We need to establish a systematic and ongoing programme of knowledge exchange – we can learn from the models of the last Labour Government – see David Bucks Kings Fund blog here  and most importantly check out Reducing Health Inequalities – System, Scale and Sustainability from Public Health England who have asked the Chris Bentley to share the learning from the Labour Government’s  National Support Team for Health Inequality.

NHS England and Public Health England needs to commission a long term  system change programme here. Its not just for General Practice to do the changing – that will be easier if we get the right leadership at a local level.

It would help to have:

  • Strategic Analysis of the local equality/health inequality challenge its scale and why it exists – at a place level.
  • Advocacy at a national level for explicit local strategies to tackle inequality
  • Clear examples of systemic models that can be used to create change

What do you think?

 

5 Comments leave one →
  1. Mike Pedler permalink
    September 25, 2017 09:05

    Good luck with this heavy lifting Mark. A better knowledge exchange might help a bit but what we really need is regime change!

    • September 25, 2017 09:34

      Cheers Mike – agree completely – however, even during the labour government period there was insufficient recognition of the challenges faced by GPs serving communities experiencing disadvantage. As I say in the blog it feels as though GPs serving these communities are in effect ghettoised working to a different analysis of what inequalities means and what its causes are compared to their peers in better off areas. Part of the challenge is changing the perspective of the wider body of the medical profession who do not ‘feel’ the issues experienced by the bottom 20% of the population on a daily basis.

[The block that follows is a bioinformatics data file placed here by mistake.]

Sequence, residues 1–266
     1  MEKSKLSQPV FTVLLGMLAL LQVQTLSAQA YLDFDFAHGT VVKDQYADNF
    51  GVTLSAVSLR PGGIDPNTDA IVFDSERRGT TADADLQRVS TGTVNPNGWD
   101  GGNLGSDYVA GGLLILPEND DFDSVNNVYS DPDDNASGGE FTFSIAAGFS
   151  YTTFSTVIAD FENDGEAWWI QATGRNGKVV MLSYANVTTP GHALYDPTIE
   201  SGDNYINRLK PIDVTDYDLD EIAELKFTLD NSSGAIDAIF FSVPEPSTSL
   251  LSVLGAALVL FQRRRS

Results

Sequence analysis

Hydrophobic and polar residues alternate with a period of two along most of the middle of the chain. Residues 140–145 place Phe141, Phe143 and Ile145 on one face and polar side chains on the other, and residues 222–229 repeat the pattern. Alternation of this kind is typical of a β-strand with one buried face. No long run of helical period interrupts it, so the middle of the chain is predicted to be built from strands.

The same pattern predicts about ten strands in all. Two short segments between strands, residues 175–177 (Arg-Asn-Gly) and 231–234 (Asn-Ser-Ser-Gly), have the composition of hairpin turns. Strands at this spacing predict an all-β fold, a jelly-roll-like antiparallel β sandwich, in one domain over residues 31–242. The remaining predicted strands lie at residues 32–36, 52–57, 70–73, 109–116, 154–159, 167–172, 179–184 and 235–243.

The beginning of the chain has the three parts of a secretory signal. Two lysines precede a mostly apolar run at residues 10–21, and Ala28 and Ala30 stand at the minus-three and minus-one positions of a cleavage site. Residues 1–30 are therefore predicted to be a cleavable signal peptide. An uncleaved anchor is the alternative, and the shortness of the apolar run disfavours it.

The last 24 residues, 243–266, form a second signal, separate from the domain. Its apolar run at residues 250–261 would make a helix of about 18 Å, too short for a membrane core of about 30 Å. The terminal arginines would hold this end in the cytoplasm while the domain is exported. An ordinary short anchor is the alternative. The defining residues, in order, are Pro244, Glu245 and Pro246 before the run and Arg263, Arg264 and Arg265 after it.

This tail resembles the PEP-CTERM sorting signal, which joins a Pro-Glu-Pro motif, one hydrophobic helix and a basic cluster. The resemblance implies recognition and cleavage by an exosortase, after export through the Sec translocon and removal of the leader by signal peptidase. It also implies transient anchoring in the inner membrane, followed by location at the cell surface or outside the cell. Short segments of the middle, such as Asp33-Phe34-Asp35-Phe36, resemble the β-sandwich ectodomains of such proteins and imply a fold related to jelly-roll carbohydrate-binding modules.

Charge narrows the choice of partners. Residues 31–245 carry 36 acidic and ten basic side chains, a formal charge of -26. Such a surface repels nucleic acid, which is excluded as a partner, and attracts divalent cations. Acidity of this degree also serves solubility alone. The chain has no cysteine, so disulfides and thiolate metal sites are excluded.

2. malcolmrigler permalink
    September 25, 2017 09:08

    Mark you have “hit the nail on the head” so to speak. Having worked as a GP in several “deprived communities” over past years I always I found myself too busy in such GP practices to have time to attend meetings and make the case for more / different or better resources. Now that we have CCGs we also need colleagues within each CCG to identify areas and practices that need extra support/ identify the kind of support needed and use political skills to obtain the resources and support needed. One size does not fit all. .

    • September 25, 2017 09:35

      Thanks Malcolm – agree completely – we need a clear institutional analysis – which I think we lack at the moment and as you say this analysis will vary from place to place to some degree

  3. malcolmrigler permalink
    September 25, 2017 12:07

    At a GP conference in the South West of England a few years ago I found myself talking with several GPs undertaking “vocational training” of a different kind . They were studying GP work half time and Public Health part time. All were enjoying the Public Health sessions but felt very frustrated that their next step as medics would have to be into Full Time GP work because at that time no CCG was offering GPs sessions in Public Health. Maybe things have changed but it occurs to me that we should be trying to find the GPs who have experienced an introduction to Public Health thinking and practice to undertake the much needed “institutional analysis” which we currently lack.